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The page founders from left to right: Camille Dupuis, Janelle Meikle, Ava Melenchuk. Photo by: Amy Klein

Students use Instagram to take on stigma around mental health

F*ck Ya Let’s Talk builds supportive online community

By Ally Chesham , in City , on December 19, 2020

When three university students from Vancouver got to talking about their mental health, they realized that part of the problem is no one talks about mental health.” So they created a new Instagram account to try to change that.

They launched on Instagram in July of this year, due to its extreme popularity with young adults. In five months the page has grown a community of more than 2,500 followers and countless personal stories have been shared on the site.

“I never thought that so many people would be so affected by what we thought was just a simple idea,” said Camille Dupuis, one of the page founders. “It’s been heartwarming to see the amount of feedback and people reaching out.”  

The Instagram account was launched by Dupuis and Janelle Meikle, sociology majors at University of British Columbia and Ava Melenchuk, a global developments major at Western University in London, Ont. The three young women, who were all friends prior to starting the account, have dealt with their own mental-health struggles.

“We decided to make an account dedicated to sharing these stories in case other people also wanted their voices to be heard,” said Meikle. “The idea came to us within the first few days of lockdown in March as we knew the added stress of the pandemic would undoubtedly contribute to higher levels of anxiety and depression.”

According to a report by The Ontario Centre of Excellence for Child and Youth Mental Health and Children’s Mental Health Ontario, the overall mental health of Canadian youth has been significantly impacted by the COVID-19 pandemic.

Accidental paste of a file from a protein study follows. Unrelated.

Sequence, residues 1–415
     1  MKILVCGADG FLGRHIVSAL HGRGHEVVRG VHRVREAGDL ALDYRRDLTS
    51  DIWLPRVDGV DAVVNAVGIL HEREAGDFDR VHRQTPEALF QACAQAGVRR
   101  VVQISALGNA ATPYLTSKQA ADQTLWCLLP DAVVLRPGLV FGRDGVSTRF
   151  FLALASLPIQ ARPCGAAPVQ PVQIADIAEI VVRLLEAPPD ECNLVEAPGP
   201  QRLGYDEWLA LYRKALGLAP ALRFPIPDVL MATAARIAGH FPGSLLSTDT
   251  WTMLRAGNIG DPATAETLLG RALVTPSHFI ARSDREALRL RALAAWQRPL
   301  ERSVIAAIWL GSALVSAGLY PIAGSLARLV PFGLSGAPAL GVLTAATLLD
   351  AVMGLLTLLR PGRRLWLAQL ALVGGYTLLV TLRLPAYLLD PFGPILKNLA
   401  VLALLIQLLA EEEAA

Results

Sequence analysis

“Forty-two per cent of young adults reported excellent or very good mental health during the pandemic compared to 62 per cent in 2018,” the report noted. 

The mental-health impact of the pandemic is being studied all over the world as is the exponential growth in social media use. Canadians are spending much more time online. Forty-one per cent of respondents in a Statistics Canada survey told the agency that they had increased their use of social media and messaging services. These two factors led the trio to initiate their account. 

On the Instagram page, viewers can find submissions from all three young women describing their personal experiences with bipolar disorder, depression, anxiety and Tourette’s syndrome.

“I always said how I wanted to post about my Tourette’s and my journey with mental health because I was tired of how mental health is shown in the media”, said Meikle. 

“We are working toward reversing a stigma that has created an unnecessary struggle for those who need help,” said Dupuis. 

Meikle believes their personal approach offers something different to young people.


Fuck Ya Let’s Talk Instagram page (the submission form link is included in their bio)

“I felt like there wasn’t really a platform like ours where young university students are sharing their biggest life struggles so openly,” she said. “The fact that you can associate our faces with the page and know who runs the account makes it feel much more personal for our followers, rather than if it was an initiative started by a major corporation.

The approach seems to have struck a chord. People post their comments and questions and open up about how they feel.  

Emily Propp took to the account to talk about her experience with anxiety and perfectionism. 

“It can be so easy to isolate yourself when struggling with mental health issues and I truly believe this account is reducing the stigma and spreading awareness one post at a time.”

Chanel Walter posted her story on living with bipolar 1 disorder after seeing a friend of hers had also shared.

“Being open about your mental health only brings good things,” she said. “I got a few inspiring messages after doing so and it was an empowering experience posting on the account.”

Contributors can send in their stories anonymously or choose to be identified

The outpouring of support and positivity from contributors like Propp and Walter has been an extremely fulfilling  experience for the students they say.

“The most rewarding thing I’ve gotten out of the account is that complete strangers, as well as people I’ve known my whole life, tell me they’ve never been able to relate to someone’s stories the way they have through our posts,” said Mekile. 

Dupuis, Meikle and Melenchuk hope their followers  continue to use the account as a safe place to be open and vulnerable. They plan to continue to grow the page and eventually build their own website.

“Keeping an open conversation going is the key to normalizing, because something so human should never be frowned upon,” said Dupuis. 

“I really hope that people get from our page that it’s okay to not be okay,” she said. “Seeing real and raw stories and other people being so open and vulnerable is so inspirational and I hope that it gives people the courage to be more comfortable talking about mental health.”